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Darfur question… and wider Sufi ripples

[ by Charles Cameron — request for info, Darfur, Janjaweed, Sufis, Senegal and more ]



Dr John Esposito has a post up at HuffPo disputing Ayan Hirsi Ali‘s recent Newsweek piece, and one very small matter of phrasing raised a small cluster of questions for me …


My Questions:

Dr Esposito quotes Hirsi Ali as saying “What has often been described as a civil war is in practice the Sudanese government’s sustained persecution of religious minorities” and comments, “to say that Darfur is an example of the Muslim-Christian genocide is flat out wrong”.

My questions are not about Ali’s “Global War on Christians” or “Muslim-Christian genocide” but about the range of Muslim theological interests at play in the Darfur conflict.

Julie Flint, in Sudan, Darfur destroyed: ethnic cleansing by government and militia forces in Western Sudan, writes that “Almost all Darfurians belong to the Tijaniya sect of Sufi Islam that extends from Senegal to Sudan.”

And Robert Spencer writes that “Salafists target Muslims they regard as insufficiently Islamic also in Darfur, where Arab Muslims attack non-Arab Muslims whose Islam is closer to the cultural version that prevailed in Somalia than to Wahhabi austerity.”


Is Spencer right about that? And is it therefore arguable that in additional to nomadic vs sedentary and Arab vs black African issues, there’s a sectarian (intra-Muslim) component to the conflict?

Further, is Darfur (inter alia) a front we should be monitoring in terms of a global Salafi vs Sufi struggle?

Who and what should I be following / reading?


All of which brings me to the wider issue of violence against Sufis (and for that matter, violent as well as peaceable Sufi responses) in (eg) Libya (Daveed GR today), the Punjab (Raza Rumi) and of course Senegal (see image of mosque in Touba above)…

All pointers welcome.

2 Responses to “Darfur question… and wider Sufi ripples”

  1. Larry Dunbar Says:

    Much of the problem comes from the fact that a Bedouin has to defend and act as to war a piece of land not under his physical control. This give 9/10 to the enemy, which is a huge disadvantage to begin with, and may lead to genocide, in the attempt of an orientation to isolate a piece of their environment, towards some kind of advantage.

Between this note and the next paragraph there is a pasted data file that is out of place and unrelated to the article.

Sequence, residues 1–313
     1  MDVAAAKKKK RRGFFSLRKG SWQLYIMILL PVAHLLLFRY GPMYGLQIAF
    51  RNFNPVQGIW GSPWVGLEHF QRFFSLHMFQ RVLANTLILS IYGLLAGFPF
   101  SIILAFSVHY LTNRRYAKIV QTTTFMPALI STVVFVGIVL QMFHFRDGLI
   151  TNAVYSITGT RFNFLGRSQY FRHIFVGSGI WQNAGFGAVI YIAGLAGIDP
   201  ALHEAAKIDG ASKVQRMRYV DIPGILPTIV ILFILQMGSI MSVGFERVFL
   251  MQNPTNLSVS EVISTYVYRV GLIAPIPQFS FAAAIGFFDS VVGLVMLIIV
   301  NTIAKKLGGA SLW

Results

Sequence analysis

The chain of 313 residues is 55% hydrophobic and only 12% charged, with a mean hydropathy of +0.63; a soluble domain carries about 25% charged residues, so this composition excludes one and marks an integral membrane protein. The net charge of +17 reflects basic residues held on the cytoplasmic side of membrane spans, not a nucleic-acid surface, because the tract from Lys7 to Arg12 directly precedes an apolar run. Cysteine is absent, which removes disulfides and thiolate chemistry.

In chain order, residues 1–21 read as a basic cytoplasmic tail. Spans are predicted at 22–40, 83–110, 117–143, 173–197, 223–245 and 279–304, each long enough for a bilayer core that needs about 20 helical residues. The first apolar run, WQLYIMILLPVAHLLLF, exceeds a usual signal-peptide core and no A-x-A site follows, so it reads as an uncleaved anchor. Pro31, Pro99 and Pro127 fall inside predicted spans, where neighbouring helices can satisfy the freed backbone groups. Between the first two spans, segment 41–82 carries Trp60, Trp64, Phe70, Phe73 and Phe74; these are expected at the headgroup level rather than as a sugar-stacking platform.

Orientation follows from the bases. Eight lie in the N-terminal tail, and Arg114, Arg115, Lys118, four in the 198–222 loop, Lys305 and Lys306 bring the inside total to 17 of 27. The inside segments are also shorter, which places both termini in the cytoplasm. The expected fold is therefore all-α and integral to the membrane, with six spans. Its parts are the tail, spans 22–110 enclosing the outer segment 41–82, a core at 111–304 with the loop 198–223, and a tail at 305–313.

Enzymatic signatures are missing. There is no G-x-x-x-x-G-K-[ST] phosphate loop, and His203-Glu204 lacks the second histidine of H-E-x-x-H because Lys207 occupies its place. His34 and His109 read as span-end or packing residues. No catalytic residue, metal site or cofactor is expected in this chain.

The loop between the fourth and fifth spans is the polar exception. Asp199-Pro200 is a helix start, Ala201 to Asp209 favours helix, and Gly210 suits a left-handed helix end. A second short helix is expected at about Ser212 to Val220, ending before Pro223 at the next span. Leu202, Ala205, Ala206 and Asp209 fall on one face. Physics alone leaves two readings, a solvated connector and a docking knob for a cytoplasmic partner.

2. Charles Cameron Says:

    A sidelight that may be only of interest to myself —
    I originally posted the bulk of the above post in the comment section below Dr Esposito’s article. I did this very early — I believe there were only two comments up before I posted mine — waited and waited, and eventually sent HuffPo a note asking what had happened to my comment, got no reply, and decided to post the slightly longer version here instead.
    I wrote it specifically for posting there, because I hoped it might engage Dr Esposito in dialog.
    Eventually one of the HuffPo moderators saw my note of inquiry, and I just now received his response, which included this by way of explanation:

    I reviewed your comment and published it.

    It appears that because of its length, complexity and topic that it was misunderstood and deleted.

    Its length, complexity and topic, eh? Anyway, it can now be found somewhere in the second “comments” page of three, along with almost 150 other comments — mostly sniping back and forth at Esposito and Hirsi Ali — where in my view only a masochist would find it, unless they had this link
    The moderators note was perfectly polite, and I appreciate his taking the time to investigate and reinstate my comment. But this whole business causes me to reflect on how much I appreciate the warmth, intelligence and insight that I almost always find in the comments at Zenpundit. 
    Here we have conversations: all too often elsewhere, rival gangs taunt each other. As someone who is interested in tracking the undercurrents of emotion swirling around some highly charged issues, that often interests me — but it saddens and frustrates me too, and makes me appreciate all the more the sanity and friendship that I find here

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